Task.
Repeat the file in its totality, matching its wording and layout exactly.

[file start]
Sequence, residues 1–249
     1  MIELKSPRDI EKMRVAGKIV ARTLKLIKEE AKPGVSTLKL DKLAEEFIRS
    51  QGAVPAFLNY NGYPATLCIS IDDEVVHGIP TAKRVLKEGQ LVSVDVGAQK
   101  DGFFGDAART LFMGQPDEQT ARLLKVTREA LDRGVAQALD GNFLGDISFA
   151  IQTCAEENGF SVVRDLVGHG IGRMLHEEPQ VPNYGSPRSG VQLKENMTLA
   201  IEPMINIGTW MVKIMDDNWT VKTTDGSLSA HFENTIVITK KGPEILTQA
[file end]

Sequence, residues 1–249
     1  MIELKSPRDI EKMRVAGKIV ARTLKLIKEE AKPGVSTLKL DKLAEEFIRS
    51  QGAVPAFLNY NGYPATLCIS IDDEVVHGIP TAKRVLKEGQ LVSVDVGAQK
   101  DGFFGDAART LFMGQPDEQT ARLLKVTREA LDRGVAQALD GNFLGDISFA
   151  IQTCAEENGF SVVRDLVGHG IGRMLHEEPQ VPNYGSPRSG VQLKENMTLA
   201  IEPMINIGTW MVKIMDDNWT VKTTDGSLSA HFENTIVITK KGPEILTQA